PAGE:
We stopped at another opportune moment to take photographs of the stunning landscape. And as we opened the car door, it was nearly torn off by the strength of the wind that whipped past us, literally taking our breath away as we fought against it to steady our feet on the pebbly ground. We drove around tight corners and bends, switching back on ourselves in order to climb higher and higher into the volcanic landscape. At 3914m above sea level, it was the highest we had ever been and the air was beginning to get very thin. As we descended on the other side of the hill, we came face to face with a dry river canyon which was carved into the ground, its huge marbled sides rugged and arid - a contrast to the tree-lined slopes we had left behind higher up. We followed the canyon for a little while, again jumping out to take photos, while locals tended to their farms - pigs, crops and cattle all being looked after with care.
Soon we began to climb again, the scenery equally stunning as we followed signs to Quilotoa , grateful to see the name after two hours cramped in the car. As we ascended the road, our taxi driver began to be more and more animated, explaining in a mixture of broken English and slow Spanish what we might see. After a short while, we pulled into the car park, where we opened the door and were met by howling winds that very nearly pulled it off its hinges. We quickly made our way to the craft market, where hasty purchases of globes and scarves were made - the altitude meant that the balmy temperatures we had woken up to had plummeted and our hands were already chapped from our mere five minutes in the elements.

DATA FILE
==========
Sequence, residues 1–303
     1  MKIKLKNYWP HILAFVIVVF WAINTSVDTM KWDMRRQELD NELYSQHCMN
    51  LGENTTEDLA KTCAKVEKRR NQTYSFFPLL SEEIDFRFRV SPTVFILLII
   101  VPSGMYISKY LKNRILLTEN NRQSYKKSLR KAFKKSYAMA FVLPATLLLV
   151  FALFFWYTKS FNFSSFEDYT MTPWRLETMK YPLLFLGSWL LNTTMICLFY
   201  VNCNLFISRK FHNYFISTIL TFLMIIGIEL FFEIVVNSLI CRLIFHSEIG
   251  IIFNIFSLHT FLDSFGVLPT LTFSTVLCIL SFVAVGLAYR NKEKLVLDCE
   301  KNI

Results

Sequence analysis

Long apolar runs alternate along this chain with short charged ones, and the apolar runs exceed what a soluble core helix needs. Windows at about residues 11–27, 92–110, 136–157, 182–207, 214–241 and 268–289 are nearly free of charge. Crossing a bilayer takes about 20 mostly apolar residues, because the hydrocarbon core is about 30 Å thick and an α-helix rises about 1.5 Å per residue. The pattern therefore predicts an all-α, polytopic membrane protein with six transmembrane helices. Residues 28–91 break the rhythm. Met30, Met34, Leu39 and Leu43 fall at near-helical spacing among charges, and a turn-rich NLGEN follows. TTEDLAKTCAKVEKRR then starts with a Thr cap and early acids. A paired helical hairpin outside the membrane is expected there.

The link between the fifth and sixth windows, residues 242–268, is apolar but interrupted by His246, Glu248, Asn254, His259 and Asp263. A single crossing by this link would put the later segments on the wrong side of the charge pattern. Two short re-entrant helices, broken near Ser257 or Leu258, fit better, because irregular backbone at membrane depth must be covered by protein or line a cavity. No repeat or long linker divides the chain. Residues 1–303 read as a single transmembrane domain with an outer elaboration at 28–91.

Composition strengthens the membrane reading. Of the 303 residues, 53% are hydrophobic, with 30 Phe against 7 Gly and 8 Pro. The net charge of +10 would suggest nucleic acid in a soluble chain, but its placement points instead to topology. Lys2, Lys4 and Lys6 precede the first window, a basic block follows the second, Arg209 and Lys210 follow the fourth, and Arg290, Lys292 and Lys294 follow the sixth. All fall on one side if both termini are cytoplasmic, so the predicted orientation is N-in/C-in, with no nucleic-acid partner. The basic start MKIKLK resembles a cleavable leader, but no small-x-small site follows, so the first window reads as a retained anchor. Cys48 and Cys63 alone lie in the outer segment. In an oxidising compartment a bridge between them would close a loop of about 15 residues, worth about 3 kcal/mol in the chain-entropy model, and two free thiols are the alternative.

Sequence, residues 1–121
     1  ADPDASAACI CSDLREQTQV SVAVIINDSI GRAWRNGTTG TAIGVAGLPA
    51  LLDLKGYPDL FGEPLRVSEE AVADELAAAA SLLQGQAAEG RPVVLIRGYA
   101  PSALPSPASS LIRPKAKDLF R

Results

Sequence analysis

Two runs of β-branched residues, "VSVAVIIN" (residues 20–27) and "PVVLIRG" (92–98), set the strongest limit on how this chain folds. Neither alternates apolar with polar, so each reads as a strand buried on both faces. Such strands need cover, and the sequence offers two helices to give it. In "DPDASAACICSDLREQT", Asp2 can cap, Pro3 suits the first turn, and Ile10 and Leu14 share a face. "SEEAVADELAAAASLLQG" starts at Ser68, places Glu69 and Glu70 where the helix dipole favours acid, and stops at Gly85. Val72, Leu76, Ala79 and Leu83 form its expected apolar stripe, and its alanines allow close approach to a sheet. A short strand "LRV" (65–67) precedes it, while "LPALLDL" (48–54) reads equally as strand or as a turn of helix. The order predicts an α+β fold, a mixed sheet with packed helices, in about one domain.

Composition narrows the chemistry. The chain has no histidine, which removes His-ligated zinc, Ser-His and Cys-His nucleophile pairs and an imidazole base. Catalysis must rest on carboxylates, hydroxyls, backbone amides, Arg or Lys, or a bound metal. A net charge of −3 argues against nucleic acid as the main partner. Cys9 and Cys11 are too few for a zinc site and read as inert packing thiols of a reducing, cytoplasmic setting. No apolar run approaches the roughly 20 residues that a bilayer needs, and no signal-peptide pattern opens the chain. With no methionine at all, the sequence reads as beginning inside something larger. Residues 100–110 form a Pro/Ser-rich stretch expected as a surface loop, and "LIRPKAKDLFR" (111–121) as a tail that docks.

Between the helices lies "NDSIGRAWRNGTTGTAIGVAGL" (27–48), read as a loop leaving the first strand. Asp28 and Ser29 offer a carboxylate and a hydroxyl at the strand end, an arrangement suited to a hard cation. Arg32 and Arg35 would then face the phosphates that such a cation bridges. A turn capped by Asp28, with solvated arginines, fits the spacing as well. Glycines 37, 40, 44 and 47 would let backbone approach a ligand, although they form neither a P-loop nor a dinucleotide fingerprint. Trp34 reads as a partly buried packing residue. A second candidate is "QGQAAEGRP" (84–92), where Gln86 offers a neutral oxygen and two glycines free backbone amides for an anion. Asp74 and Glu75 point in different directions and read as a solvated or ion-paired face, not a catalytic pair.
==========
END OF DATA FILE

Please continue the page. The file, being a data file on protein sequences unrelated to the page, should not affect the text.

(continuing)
Purchases complete and extremities in less danger of frostbite, we crossed the car park to the look out point, where we were treated to the views we had travelled over three hours to see. The crater of the volcano yawned wide in front of us, the rim tinged black by a long-forgotten eruption. Over time, the caldera had filled with water, creating a stunning vibrant lake, the surface of which was a brilliant turquoise, the blues and greens shimmering in the sunlight. Clouds passed overhead, turning the lake from bright aquamarine to deep navy, scattering patterns all over the surface, which raced by in the blink of a an eye. Locals in traditionally dressed family groups stood high on the steep hillsides of the crater, gazing down at its beauty - a sacred spot for the indigenous people of the area.